DRESSED WITH THE KIND OF ELEGANT simplicity that requires both confidence and money, the tiny, green-eyed Tartt seems not to be someone who spends much time worrying whether fans have waited around since the days when she was the It Girl of authors. Ten years ago, her elfin stature--Tartt pointed out to Vanity Fair that she was, at sixty inches and ninety pounds, exactly the size of Lolita's Dolores Haze--her severely tailored clothes, her capacity for drink, her impatience with questions she didn't want to answer, her college friendships with novelists Bret Easton Ellis and Jill Eisenstadt--all were dissected at length. Today, talking and listening with the patient politeness of someone who is used to being the smartest person in the room, she chooses words as though they were melons, thumping each one to make sure it's good and checking in periodically with her audience--"You know what I'm saying?"--to make sure, absolutely sure, that she is understood. Her opinions are sharp and unhesitating. She loves the movies of Alfred Hitchcock and hates nearly all others. She loves Charles Dickens and H. Rider Haggard but can't be bothered with contemporary novels in which "nothing happens," she says. "It just doesn't seem as though people try anymore. Why can't you have really well-crafted prose with adventure stories? What are novels for if not entertainment? If they're not entertaining, they're no good."

The book to which Tartt returned became The Little Friend, and it is, in fact, both extremely entertaining and remarkably well crafted (see the review on page 80). Although it is set in Mississippi in the 1970s, everything about it, from the baroque plot to the sentences dense with commas and parentheses, is colored by the late-Victorian reading that filled Tartt's own Mississippi childhood.
"The things I liked to read as a child were giving me a refined hothouse taste for prose that's combined with a kind of slamming story," she says. "That's the kick, that's the speedball. I want beautiful prose style and I want Sherlock Holmes getting Irene Adler out of that house. I want Jim Hawkins taking over that pirate ship [in Treasure Island]. That's what I've been looking for my whole adult life."

THAT SPEEDBALL IS SOMETHING SHE had as a child. Bookish, precocious and with a susceptibility to tonsillitis, Tartt spent long days home from school, in her bed reading, engaged in an activity that, if liberating, was also isolating. ("I didn't know many kids who read," she says. "I learned very early not to talk about it.") Her favorites were the classics: Peter Pan, Kidnapped, Treasure Island, The Strange Case of Dr. Jekyll and Mr. Hyde, The Master of Ballantrae, The Adventures of Sherlock Holmes, The Adventures of Tom Sawyer, The Jungle Book, Kim. "When you read, it's very much about wanting to go somewhere else," she says. "And when you're a child, particularly when you're a child trapped in a small town, reading is a drug."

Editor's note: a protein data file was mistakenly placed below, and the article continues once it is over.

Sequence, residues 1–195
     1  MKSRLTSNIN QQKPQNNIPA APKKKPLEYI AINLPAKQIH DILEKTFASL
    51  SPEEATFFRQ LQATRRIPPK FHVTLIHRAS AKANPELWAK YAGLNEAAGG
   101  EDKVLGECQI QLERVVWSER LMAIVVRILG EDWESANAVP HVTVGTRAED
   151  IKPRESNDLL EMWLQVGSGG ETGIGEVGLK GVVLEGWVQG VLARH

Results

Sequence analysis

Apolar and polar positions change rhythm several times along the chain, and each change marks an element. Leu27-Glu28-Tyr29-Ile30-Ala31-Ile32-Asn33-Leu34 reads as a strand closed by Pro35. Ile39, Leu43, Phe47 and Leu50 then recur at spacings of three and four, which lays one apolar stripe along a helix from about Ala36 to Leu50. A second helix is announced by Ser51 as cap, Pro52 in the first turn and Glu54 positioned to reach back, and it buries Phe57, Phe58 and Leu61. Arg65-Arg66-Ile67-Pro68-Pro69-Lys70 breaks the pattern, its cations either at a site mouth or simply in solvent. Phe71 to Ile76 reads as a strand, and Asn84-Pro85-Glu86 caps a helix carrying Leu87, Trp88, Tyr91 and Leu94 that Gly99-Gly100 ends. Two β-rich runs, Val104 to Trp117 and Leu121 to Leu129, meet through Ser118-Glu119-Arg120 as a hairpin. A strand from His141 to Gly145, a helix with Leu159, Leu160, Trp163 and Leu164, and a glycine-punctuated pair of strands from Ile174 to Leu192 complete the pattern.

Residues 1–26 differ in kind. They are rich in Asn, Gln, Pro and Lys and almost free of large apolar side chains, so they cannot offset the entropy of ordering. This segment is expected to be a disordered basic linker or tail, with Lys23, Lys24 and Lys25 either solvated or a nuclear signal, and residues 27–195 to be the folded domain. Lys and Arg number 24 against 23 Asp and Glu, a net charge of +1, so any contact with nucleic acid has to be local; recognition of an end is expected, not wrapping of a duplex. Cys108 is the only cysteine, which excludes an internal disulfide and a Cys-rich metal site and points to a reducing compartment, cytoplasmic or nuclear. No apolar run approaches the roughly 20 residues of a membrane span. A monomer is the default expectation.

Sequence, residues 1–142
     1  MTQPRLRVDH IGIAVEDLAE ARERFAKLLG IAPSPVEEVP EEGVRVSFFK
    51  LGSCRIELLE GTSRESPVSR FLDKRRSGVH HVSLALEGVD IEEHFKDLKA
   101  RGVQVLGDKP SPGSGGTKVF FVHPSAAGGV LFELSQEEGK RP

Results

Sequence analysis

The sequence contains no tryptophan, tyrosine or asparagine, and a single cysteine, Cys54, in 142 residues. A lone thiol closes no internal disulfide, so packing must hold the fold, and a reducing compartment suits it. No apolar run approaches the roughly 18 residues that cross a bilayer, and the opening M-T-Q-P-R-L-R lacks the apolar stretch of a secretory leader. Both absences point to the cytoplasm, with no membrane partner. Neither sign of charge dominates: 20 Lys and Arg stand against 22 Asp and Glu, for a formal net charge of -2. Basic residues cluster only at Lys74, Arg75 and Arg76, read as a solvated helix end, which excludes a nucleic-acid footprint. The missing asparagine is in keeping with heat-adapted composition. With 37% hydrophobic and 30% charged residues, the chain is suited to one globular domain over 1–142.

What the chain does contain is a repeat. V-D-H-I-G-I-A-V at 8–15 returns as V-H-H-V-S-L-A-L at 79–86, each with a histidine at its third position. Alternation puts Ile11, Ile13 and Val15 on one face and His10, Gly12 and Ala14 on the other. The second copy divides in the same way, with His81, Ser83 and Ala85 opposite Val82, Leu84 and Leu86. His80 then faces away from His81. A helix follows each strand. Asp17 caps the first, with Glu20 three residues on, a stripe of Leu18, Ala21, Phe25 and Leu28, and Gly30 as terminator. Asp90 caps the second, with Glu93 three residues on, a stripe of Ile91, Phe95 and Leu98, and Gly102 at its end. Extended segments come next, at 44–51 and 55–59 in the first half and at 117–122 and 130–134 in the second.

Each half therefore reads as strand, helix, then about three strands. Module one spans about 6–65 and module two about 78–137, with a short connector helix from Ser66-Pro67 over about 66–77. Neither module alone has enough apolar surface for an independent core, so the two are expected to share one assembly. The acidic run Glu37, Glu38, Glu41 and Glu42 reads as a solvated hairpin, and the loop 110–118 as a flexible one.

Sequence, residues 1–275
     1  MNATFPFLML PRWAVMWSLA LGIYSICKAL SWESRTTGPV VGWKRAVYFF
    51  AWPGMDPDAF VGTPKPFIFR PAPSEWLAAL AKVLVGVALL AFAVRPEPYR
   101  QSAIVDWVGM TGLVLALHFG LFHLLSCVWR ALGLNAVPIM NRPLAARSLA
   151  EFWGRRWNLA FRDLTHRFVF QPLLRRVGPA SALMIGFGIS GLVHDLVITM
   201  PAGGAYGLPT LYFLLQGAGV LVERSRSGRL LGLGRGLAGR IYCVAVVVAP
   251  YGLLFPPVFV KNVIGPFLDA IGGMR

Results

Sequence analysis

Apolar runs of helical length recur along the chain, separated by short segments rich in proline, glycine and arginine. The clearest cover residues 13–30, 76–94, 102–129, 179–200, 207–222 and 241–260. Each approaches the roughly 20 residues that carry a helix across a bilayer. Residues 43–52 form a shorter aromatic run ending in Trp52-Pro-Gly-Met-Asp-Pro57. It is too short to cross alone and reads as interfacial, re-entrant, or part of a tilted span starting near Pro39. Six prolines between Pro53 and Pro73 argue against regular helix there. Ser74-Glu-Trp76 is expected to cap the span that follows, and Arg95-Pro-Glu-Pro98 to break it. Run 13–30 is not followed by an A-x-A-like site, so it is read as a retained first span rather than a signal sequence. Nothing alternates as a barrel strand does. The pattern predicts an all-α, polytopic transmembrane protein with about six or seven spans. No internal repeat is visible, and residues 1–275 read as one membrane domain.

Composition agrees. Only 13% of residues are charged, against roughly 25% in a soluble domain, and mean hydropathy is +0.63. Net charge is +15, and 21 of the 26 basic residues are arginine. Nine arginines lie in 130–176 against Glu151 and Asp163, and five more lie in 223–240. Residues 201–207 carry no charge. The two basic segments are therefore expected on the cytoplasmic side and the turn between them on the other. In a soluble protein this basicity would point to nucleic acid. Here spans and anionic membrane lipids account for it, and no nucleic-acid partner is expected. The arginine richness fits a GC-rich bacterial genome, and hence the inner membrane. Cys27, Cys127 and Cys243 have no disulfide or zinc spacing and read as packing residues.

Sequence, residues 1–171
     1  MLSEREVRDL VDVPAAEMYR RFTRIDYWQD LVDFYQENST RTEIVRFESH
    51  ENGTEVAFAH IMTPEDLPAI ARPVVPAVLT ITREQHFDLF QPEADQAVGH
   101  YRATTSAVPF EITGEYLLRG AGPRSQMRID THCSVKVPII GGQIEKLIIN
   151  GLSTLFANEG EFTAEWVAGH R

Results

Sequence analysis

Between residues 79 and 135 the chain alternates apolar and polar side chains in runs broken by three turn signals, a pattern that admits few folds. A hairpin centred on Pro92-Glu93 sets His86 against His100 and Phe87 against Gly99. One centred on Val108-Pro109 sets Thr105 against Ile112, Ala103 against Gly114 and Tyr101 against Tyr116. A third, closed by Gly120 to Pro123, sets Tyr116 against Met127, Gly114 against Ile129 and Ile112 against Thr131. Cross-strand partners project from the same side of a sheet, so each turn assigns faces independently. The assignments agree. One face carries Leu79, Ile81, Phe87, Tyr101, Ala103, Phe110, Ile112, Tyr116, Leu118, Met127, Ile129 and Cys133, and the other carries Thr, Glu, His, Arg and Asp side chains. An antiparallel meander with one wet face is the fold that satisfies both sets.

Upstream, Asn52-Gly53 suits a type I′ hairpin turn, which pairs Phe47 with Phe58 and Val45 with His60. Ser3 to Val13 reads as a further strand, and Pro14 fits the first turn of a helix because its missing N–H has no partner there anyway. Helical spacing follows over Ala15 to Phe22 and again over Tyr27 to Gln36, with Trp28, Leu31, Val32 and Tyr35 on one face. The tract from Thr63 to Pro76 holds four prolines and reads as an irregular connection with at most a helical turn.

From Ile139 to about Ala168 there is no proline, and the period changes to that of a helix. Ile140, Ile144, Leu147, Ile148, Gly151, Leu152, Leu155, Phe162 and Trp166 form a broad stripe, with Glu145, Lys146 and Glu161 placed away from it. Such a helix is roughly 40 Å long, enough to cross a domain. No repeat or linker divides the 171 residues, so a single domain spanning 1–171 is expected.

Tartt's early years seem to have been made of the very stuff of Southern literature. "I was the product of a skittish, immature mother," she wrote in a 1992. memoir ("Sleepytown: A Southern Gothic Childhood, With Codeine") that appeared in Harper's Magazine, "and a dashing but feckless father; my parents were neither able nor inclined to take much of an interest in my early upbringing." Her great-grandfather's frequent remedy for her illness, she wrote, was an antique prescription of codeine, blackstrap molasses and whiskey.
"When I remember those years," she wrote in Harper's, "the long, drugged afternoons lying in bed, or the black winter mornings swaying dreamily at my desk (for the codeine bottle, along with the licorice medicine, accompanied me to school), I realize that I knew, even then, that the languorous undersea existence through which I drifted was peculiar to myself and understood by no one around me."